Culture Shocks and Adaptation Processes Experienced by Turkish Novice Teachers

Erbaş Y. H.

International Journal of Progressive Education, vol.19, no.1, pp.243-261, 2023 (Peer-Reviewed Journal)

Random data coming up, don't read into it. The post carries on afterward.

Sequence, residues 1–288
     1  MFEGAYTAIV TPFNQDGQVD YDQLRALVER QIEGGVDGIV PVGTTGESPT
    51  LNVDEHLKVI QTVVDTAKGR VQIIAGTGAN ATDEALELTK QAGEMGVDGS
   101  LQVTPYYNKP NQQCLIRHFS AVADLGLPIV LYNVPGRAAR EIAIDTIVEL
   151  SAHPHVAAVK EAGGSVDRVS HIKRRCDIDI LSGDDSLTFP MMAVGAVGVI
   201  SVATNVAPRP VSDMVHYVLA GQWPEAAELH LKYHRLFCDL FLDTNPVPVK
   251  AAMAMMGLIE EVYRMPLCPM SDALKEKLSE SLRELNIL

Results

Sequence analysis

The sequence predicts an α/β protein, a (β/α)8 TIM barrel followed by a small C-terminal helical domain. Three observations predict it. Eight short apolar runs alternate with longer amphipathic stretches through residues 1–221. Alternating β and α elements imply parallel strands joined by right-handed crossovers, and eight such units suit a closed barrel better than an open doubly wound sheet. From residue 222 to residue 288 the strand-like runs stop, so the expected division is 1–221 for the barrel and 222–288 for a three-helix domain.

This study aims to examine the culture shock of teachers who have just started teaching in rural areas and their solutions for their adaptation to the new cultural environment. Case study, one of the qualitative methods, was used as part of this research. The participants are 17 classroom teachers who recently started teaching in the villages in the Eastern and Southeastern Anatolia Regions of Türkiye in the 2021-2022 academic year. Criterion sampling was used in the selection of the participants. A semistructured interview form prepared by the researcher was used as the data collection tool. The stages of thematic analysis were used in the research. The themes obtained as a result of the analysis of the data collected during the interviews with newly appointed teachers were grouped under four headings: Initial Culture Shock, Factors that Facilitate Cultural Adaptation, Factors that Make Cultural Adaptation Difficult, and Support to Novice/Prospective Teachers. According to the data collected from the teachers participating in the study, it is the language differences that cause culture shock the most. While the climate of the region they live in, lifestyles, differences in the communication channels used, and economic problems make cultural adaptation difficult, colleague support, acceptance, learning cultural elements, family support and certain personal characteristics facilitate the cultural adaptation process. In addition, teachers think that supporting new pre-professional teachers by communicating with experienced teachers, giving courses on cultural diversity in undergraduate education and holding orientation meetings will accelerate cultural adaptation.